Massachusetts food disposal ban celebrated at Barstow Farm in Hadley, where cows produce biogas
By Mary Serreze, The Republican, Springfield, Mass., October 3, 2014
Massachusetts officials brought their “Food Waste Ban Full Harvest Tour” to Hadley on Friday with a visit to Barstow’s Longview Farm, the site of an innovative waste-to-energy project.
The farm’s anaerobic digester takes manure and food waste and converts it into methane gas, which in turn powers a 300-kilowatt on-site generator. Most of the electricity produced is sold to the grid, and the rest powers the dairy farm operation. The by-product of the fermentation process is used as fertilizer.
Friday’s outdoor gathering marked the kickoff of a commercial food waste ban in Massachusetts landfills. Starting Oct. 1, businesses and institutions producing more than one ton of food waste per week were no longer able to just throw it away. The waste must be diverted or repurposed – sent, for instance, to composting facilities, food banks, farms for livestock feed, or to anaerobic digesters like the one at Barstow’s.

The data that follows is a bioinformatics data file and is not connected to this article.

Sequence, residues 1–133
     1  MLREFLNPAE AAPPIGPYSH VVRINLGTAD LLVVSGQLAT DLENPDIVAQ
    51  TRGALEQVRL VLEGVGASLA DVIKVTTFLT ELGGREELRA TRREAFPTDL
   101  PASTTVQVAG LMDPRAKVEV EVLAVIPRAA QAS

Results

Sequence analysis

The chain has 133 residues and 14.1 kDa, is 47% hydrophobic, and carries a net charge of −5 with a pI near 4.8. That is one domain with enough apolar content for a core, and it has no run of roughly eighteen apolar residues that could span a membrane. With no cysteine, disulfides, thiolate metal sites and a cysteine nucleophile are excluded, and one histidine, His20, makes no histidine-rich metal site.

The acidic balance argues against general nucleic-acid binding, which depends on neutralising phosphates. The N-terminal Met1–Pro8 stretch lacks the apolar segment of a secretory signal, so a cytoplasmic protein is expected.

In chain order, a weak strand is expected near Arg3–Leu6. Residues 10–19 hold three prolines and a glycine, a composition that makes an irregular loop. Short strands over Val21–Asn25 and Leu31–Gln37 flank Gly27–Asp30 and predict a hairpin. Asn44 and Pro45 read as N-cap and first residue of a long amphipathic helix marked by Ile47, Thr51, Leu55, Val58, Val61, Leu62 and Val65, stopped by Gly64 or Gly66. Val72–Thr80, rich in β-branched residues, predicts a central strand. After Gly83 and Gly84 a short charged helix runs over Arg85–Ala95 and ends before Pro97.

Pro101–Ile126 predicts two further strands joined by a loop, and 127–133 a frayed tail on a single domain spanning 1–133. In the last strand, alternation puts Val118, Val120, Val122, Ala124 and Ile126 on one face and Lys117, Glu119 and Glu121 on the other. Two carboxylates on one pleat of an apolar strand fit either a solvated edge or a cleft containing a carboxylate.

MassDEP Commissioner David Cash called the food waste ban a “win-win-win-win-win-win” situation. He said it would reduce waste, save money on disposal costs, create renewable energy, cut emissions from fossil fuel use, grow jobs, and stimulate the economy.
Agriculture commissioner Greg Watson said the waste ban provides opportunities for farm families like the Barstows and other entrepreneurs.
Watson said the anaerobic digester project is “full of synergies,” coordinating energy, environment, food and economic development goals. As an example, the fertilizer from digesters could rebuild soil within cities, where urban agriculture projects are springing up, he said.
Steve Barstow said he was proud to be a seventh-generation farmer on the land. The dairy farm maintains 475 cows, he said, and ships 30,000 pounds of milk every other day. The farm is part of the Cabot-Agrimark cooperative, which runs a butter creamery in West Springfield.